Dr. Richard Zane, chief innovation officer for UCHealth, said the proposed bill would stifle the system’s ability to innovate, educate and do research. Dr. Margaret Reidy, its chief medical officer, said the bill would “cost jobs, lessen our ability to recruit excellent clinicians and ultimately erode the quality of care our patients deserve.”

Others involved with rural health care providers and systems that operate on tight, if not negative margins, questioned where they would be able to find savings to meet the proposed premium reduction targets, or how they would be able to treat another tier of customer if the public option’s reimbursements and cost schedules don’t cover costs.

Not all opposed the bill, however. Ross Brooks, CEO and patient at Mountain Family Health Centers, which offers medical, dental and behavioral health services in Garfield, Eagle and Pitkin counties, urged the committee to pass the proposed bill. Brooks said western Colorado has some of the highest health insurance costs in the nation, with a lack of competition, and said more than 7,500 of the 21,000 patients that Mountain Family serves still lack access to affordable health insurance.

Vail Health, which did not testify at Friday’s hearing, said it opposes the bill, though it recognizes the need to continue to work to make health care more cost effective. “We believe it is an overreach by the government with many unintended consequences and that it does not acknowledge the progress that has been made since 2019, wherein premiums on the exchange have been reduced by approximately 30%,” it said in a statement.

Vail Health noted it has significantly lowered its MRI pricing, enhanced its direct contract relationships with self-funded employers, and enhanced access to behavioral health care through both a $160 million commitment and integrated services with Colorado Mountain Medical.

“Vail Health is dedicated to providing access to higher-quality, more affordable health care, and we believe the two most effective ways to reduce more costly care is to focus on total health care for our community, with the intent of keeping people healthy and getting upstream and ahead of chronic health conditions, and working collaboratively to find meaningful solutions through market-driven, public-private partnerships, such as the Mountain Healthcare Coalition led by the Vail Valley Partnership,” it said.

Others speaking before the committee last Friday argued a 20% reduction should be manageable for the industry. They noted that Peak Health Alliance in Summit County was able to reduce insurance premium costs there by 38% through a purchasing alliance.

Others argued that most of the premium reductions seen in Colorado have come from the reinsurance program that state legislators passed in 2019 and continued last year, noting that it is a temporary program.

About 10 counties, including Eagle, still have only one company offering health insurance plans on the Colorado exchange. In Eagle County, the benchmark silver plan on the exchange is $424 per month for an individual — more than $1,600 per month for a family of four, before any federal subsidies.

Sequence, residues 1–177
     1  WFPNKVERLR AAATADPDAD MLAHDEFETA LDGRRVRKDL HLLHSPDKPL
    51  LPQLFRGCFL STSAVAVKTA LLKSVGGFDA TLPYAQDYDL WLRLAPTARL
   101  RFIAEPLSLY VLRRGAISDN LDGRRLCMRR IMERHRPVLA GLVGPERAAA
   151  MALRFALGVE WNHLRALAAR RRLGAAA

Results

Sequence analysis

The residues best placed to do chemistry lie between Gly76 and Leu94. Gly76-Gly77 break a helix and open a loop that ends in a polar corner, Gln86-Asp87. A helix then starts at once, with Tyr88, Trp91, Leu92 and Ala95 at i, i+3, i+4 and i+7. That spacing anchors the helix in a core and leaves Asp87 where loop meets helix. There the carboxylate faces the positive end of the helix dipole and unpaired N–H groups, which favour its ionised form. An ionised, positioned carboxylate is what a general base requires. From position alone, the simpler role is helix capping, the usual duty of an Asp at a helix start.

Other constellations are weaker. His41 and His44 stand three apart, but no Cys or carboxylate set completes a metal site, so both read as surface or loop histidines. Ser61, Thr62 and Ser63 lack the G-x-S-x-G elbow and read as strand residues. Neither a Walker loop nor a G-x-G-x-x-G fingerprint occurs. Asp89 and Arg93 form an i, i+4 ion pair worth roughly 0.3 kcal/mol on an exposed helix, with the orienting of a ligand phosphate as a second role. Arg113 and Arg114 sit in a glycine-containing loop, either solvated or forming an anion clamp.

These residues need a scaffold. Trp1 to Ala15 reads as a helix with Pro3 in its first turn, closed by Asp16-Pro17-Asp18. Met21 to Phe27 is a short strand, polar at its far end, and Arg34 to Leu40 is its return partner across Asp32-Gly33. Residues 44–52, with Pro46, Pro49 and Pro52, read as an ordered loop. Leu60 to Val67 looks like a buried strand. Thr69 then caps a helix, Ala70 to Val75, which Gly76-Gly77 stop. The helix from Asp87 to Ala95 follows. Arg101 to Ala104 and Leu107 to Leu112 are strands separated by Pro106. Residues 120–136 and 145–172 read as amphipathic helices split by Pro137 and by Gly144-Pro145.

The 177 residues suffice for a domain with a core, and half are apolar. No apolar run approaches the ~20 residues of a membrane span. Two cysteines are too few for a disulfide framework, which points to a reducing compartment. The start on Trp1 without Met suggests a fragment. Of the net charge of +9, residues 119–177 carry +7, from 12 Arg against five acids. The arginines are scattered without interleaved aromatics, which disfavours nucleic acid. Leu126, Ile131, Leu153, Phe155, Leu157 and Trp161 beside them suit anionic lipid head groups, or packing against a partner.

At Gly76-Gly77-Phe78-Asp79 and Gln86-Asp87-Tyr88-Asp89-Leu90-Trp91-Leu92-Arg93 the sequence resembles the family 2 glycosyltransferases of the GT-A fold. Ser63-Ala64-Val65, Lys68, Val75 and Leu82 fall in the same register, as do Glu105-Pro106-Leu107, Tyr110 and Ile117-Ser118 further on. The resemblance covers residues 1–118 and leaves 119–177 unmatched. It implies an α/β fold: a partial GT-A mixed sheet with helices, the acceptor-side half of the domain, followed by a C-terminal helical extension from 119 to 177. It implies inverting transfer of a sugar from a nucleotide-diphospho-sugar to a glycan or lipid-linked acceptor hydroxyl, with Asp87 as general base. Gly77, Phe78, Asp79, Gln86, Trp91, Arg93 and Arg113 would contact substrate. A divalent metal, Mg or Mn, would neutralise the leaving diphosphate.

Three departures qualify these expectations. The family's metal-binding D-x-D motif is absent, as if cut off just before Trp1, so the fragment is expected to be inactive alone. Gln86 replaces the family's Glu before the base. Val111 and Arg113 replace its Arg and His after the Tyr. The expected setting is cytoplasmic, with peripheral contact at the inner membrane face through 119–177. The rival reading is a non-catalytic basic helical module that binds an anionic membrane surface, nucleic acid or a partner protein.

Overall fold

Michael Conway, Colorado’s insurance commissioner, spoke in support of the proposed bill. He said the state’s health care industry has long touted its ability to reduce costs without government intervention. “The problem is they have not delivered on that promise,” he told the committee.

“Representatives (Dylan) Roberts and (Iman) Jodeh are giving the health care market another opportunity to fulfill that promise, but if it fails to deliver, the representatives have also created a means to hold them accountable and increase affordability for Coloradans with a quasi-governmental entity that would be established if the market fails,” Conway said.

Some who testified last Friday, including unions and health care workers, also questioned the extent to which any health care cuts would fall on exhausted front-line health care workers, and not on well-paid executives or hospital profits — requesting additional protections to ensure that cuts don’t fall on front-line health care workers.

Roberts said he and other legislators are negotiating possible amendments to put in safeguards for rural and independent hospitals and service providers, ways to make the premium reduction targets even more achievable on a statewide level, and ways to make sure it’s not the jobs or hours of front-line health care workers that get cut. The goal, Roberts said, is to make sure more people have access to affordable insurance and can get care, and to make sure that providers are paid for that care.

Roberts said he heard some hyperbole from a well-funded health care industry at Friday’s committee hearing, noting that he had already seen $2 million worth of opposition TV ads before the bill was even introduced. But Roberts said he also heard some valid concerns that he wants to see addressed before the bill is put to a vote.

“We want a bill that can get passed and work for a long time. We have the potential to do something big, and want to make sure we get it right,” Roberts said of the legislation. “I’m confident we can arrive at a bill most people will support, and have a real impact for people who need lower prices to buy insurance.”